Recruiting Column: How to become a lacrosse recruit

Photo: Yale Athletics

USA TODAY High School Sports has a weekly column on the recruiting process. This isn’t about where just the top five-star athletes are headed but rather a guide to the process and the pitfalls for student-athletes nationwide from This week’s article is written by Ross Hawley, the president of the company. is an industry leader in college recruiting.  Their technology-based recruiting service identifies the right colleges for potential recruits to pursue and provides a recruiting system that is second to none for student-athletes of all talent levels and ages.

July was an amazing month for our coach interviews. In fact, we had the opportunity to sit down with the head coaches for both the men’s and women’s NCAA Division I Lacrosse National Champions, Andy Shay of Yale and Shelley Klaes-Bawcombe of James Madison. From what it takes to be noticed as a lacrosse recruit, to how you can make sure you’re making the right college commitment, what they had to tell us was nothing short of elite!

Here’s a look back at some of the highlights from our conversations with the National Champs.

Andy Shay, Yale men’s lacrosse

Q: How can a recruit get noticed by you and your coaching staff?

A: The best way to be seen by our coaching staff is to come to our prospect day. Really, it’s the only way that you can guarantee that we’ll see you. Unfortunately, there will be 100 kids at our prospect day and a large portion of those players aren’t going to end up here. That’s just the reality of recruiting. But, if you do show up to our prospect day, it’s a guarantee that we will see you and be able to evaluate your chances of playing at Yale. And, as a recruit, that’s all you can ask for. You should want to be seen. The alternative is the slim chance that we will see you at a tournament, with 80 other teams. That’s just not very likely.

Q: How can a recruit do his or her best to make the right college decision?

A: So much of the recruiting process and making a college commitment is centered around what you the athlete, is told by the coach that’s recruiting you. And, I get how that might make sense. But, I am the last person you should want to talk to about whether you want to come here, or not. Because I have no idea what it’s like to be a lacrosse player at Yale. Yes, I am an employee of the university and I love my perspective of our program. But, my perspective is that of an adult. Not, a student-athlete. I don’t attend classes. I don’t socialize with the players. I don’t live in the dorms. I don’t do the homework. I don’t get coached by myself and on and on. As an adult at Yale, I am very happy. But from my perspective, I’m 25 years older than you. My message to recruits is to ask questions of the student-athletes at the schools you’re considering. Ask them the questions you’re not comfortable asking the coaches. Ask them about the coaches. Ask them about practice. Ask them about day-to-day life on campus. Because if you can do that everywhere you visit, you’re going to come to the right conclusions and figure out what’s important to you. That’s when you can know that you’ve made the right decision.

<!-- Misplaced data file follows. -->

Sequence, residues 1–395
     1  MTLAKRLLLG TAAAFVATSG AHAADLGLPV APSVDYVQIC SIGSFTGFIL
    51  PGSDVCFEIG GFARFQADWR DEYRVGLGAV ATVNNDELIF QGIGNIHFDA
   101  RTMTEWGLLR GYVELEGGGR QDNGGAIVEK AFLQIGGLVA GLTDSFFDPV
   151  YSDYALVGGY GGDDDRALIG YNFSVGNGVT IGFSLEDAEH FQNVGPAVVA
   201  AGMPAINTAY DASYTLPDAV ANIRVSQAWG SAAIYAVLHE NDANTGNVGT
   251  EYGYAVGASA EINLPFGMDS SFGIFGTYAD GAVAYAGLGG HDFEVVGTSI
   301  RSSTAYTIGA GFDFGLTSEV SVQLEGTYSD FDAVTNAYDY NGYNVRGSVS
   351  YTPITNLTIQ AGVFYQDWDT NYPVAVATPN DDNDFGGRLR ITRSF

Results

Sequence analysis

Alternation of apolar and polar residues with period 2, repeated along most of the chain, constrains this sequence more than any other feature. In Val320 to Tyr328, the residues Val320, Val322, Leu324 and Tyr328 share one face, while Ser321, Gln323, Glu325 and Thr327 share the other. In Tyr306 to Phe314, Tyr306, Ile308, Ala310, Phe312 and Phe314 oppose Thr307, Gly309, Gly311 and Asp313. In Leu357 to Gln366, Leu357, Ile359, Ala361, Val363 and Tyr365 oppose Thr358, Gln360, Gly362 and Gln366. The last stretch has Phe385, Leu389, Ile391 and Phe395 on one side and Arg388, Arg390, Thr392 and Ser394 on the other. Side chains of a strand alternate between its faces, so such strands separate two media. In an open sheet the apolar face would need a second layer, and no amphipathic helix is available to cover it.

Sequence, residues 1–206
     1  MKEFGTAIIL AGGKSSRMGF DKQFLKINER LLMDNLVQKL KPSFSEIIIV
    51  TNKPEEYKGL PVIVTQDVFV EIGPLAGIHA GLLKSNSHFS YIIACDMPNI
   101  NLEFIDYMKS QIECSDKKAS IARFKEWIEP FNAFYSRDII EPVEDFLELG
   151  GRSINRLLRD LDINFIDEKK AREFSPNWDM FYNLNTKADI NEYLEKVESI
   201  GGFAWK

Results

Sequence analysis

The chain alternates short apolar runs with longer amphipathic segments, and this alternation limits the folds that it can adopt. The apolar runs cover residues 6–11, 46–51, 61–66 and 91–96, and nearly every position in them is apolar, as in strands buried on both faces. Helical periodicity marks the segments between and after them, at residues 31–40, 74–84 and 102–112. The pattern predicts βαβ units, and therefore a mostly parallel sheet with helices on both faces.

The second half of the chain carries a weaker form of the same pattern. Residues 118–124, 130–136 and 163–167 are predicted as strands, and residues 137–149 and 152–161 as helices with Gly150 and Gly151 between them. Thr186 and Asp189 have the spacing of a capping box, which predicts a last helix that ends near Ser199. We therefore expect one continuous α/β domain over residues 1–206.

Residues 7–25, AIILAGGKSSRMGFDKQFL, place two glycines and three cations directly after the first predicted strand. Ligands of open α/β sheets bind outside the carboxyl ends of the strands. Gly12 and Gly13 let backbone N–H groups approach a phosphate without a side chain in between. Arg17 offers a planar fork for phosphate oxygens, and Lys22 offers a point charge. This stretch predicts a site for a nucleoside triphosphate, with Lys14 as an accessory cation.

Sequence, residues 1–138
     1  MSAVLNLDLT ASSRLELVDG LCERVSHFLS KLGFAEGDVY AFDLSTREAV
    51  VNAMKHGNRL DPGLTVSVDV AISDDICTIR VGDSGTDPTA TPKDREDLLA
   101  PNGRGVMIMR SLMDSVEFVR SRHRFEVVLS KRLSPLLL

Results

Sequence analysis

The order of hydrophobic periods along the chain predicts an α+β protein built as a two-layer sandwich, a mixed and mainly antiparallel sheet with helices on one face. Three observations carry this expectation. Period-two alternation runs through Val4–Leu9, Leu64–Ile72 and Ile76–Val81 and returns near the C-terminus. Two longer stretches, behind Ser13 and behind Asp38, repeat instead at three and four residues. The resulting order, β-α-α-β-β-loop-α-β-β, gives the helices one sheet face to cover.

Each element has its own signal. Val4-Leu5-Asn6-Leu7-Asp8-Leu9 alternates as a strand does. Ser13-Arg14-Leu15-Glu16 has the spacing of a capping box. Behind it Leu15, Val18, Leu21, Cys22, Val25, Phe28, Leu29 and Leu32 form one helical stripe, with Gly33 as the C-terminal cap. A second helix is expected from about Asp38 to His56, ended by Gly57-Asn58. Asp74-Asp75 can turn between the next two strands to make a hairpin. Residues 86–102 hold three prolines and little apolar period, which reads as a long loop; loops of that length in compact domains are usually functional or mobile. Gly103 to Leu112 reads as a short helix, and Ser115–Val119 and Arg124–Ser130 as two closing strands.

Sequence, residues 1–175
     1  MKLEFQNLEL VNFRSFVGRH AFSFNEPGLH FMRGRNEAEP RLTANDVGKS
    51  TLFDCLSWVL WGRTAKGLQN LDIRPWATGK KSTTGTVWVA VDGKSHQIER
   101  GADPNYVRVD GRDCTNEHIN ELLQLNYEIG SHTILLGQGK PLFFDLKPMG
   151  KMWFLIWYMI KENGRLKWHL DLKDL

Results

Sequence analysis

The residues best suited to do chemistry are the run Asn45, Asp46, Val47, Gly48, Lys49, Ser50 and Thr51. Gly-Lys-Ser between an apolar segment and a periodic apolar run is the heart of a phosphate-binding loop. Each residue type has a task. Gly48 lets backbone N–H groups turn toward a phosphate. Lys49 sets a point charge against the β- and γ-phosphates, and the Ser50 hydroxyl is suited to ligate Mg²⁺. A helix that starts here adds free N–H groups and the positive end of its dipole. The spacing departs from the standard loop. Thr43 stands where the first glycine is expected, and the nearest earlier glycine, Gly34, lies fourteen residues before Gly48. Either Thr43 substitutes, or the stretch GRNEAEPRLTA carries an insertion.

Shelley Klaes-Bawcombe, James Madison women’s lacrosse

Q: How can a student-athlete know what college level or schools are right for his/her situation?

A: The ideal scenario would be that you have mentors to rely on to help point you in the right direction. That might be the club coach, it might be the high school coach, or it could be anyone within your community that has a reasonable perspective on what playing at the next level is all about. I feel kids should be leaning on that type of mentorship, for not only recruiting, but just growing as an athlete in general. Realistically, if you want to be a college athlete, you’ve got to have a strong sense of who you are, your strengths and weaknesses. You have to know where you stack up and your mindset should be that of constant growth and improvement. It would be pretty difficult to achieve that sense of awareness without the help of that mentorship.

Q: How would a recruit go about landing on your radar?

A: You have to take personal responsibility for this process. Whether that’s sending us an email, calling us or whatever, it’s your job to let us know you’re interested. It’s on you to make yourself known. Listen, there are so many talented lacrosse players in this country. It would be impossible for us to discover every young lady who has the potential of playing at JMU. Additionally, if you think we’ll just notice you playing in a tournament with 500 other players, you’re not doing yourself any favors. That’s an extremely challenging way of getting yourself recruited, because you’ve got stand out and you’ve got to do it at the right time! It’s much more efficient to do the work, communicate and prepare yourself to be noticed by coaches. Then when the time comes, you’re giving yourself the best chances of being evaluated by the right coaches, at the right schools.

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